Prepare in the Morning, Review in the Evening

What do Oscar Wilde, Susan Sontag, Marcus Aurelius, John Quincy Adams, Anne Frank, Ralph Waldo Emerson, Virginia Woolf, Henry David Thoreau, Joan Didion all have in common?

It’s simple. They journaled. Often, if not every day.

Some did it in the morning. Some did it at night. Some captured moments of triumph, and others moments of pain and anguish (Theodore Roosevelt’s entry on the day he lost his wife and mother: “X. The light has gone out of my life.”) Whatever the method, whatever the language, they were journaling their innermost thoughts and working through their feelings.

The Stoics, as we have talked about here, many times, were avid journalers. It’s pretty incredible that Marcus Aurelius’s journal survives to us, and what’s even more incredible is the brilliance of what’s in it. As the American philosopher Brand Blanshard marveled about Meditations:

“Few care now about the marches and countermarches of the Roman commanders. What the centuries have clung to is a notebook of thoughts by a man whose real life was largely unknown who put down in the midnight dimness not the events of the day or the plans of the morrow, but something of far more permanent interest, the ideals and aspirations that a rare spirit lived by.”

The question is: Are you following his example? It’s wonderful to read about Stoicism and to study it. But Marcus and Seneca and Epictetus would also demand that you put out your own insights, that you physically wrestle with the ideas and principles of the philosophy with your pen. Not just every once in a while, but every day. To paraphrase and add to something Seneca once said: The thoughts should become words so that they might become works.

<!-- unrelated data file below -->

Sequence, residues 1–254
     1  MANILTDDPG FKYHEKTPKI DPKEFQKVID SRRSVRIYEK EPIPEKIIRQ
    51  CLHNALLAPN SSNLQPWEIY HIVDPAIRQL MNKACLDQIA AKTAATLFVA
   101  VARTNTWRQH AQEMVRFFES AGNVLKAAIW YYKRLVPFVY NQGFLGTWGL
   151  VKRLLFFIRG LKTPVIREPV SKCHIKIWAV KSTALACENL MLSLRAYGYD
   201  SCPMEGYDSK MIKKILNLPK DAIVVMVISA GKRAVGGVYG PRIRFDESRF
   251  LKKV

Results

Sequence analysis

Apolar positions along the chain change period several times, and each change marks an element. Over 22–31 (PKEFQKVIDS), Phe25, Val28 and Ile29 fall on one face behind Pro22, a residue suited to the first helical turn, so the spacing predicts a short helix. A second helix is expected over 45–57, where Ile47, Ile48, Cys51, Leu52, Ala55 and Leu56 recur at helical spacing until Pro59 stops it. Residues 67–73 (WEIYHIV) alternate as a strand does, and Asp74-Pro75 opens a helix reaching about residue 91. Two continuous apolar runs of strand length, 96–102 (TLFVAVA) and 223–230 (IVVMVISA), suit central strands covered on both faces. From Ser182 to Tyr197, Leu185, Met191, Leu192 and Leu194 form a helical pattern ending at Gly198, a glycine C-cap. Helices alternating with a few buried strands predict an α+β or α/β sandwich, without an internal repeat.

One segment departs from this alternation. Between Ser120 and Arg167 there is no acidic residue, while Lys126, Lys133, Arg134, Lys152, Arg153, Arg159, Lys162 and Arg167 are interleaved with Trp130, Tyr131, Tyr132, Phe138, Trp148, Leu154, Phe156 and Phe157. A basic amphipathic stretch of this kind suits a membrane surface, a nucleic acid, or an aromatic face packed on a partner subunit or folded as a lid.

The Daily Stoic Journal is out today (in the US and in the UK). We hope you give it a try and hope you appreciate the design and the many features we’ve built into it (and the 52 new meditations included in it). But at the risk of spoiling the basic premise, we’ll give you the Stoic recipe for journaling right here right now:

1. Prepare For The Day Ahead: Each morning you should prepare, plan and meditate on how you aim to act that day. You should be envisioning everything that may come and steeling yourself so you’re ready to conquer it. As Seneca wrote, “The wise will start each day with the thought, ‘Fortune gives us nothing which we can really own.’” Or think of Marcus’s reminder: “When you wake up in the morning, tell yourself: The people I deal with today will be meddling, ungrateful, arrogant, dishonest, jealous, and surly. They are like this because they can’t tell good from evil.”

2. Put The Day Up For Review: Stoicism isn’t just about thinking, it’s about action—and the best way to improve is to review. Each evening you should, like Seneca did, examine your day and your actions. As he put it, “When the light has been removed and my wife has fallen silent, aware of this habit that’s now mine, I examine my entire day and go back over what I’ve done and said, hiding nothing from myself, passing nothing by.” The question should be: Did I follow my plans for the day? Was I prepared enough? What could I do better? What have I learned that will help me tomorrow?

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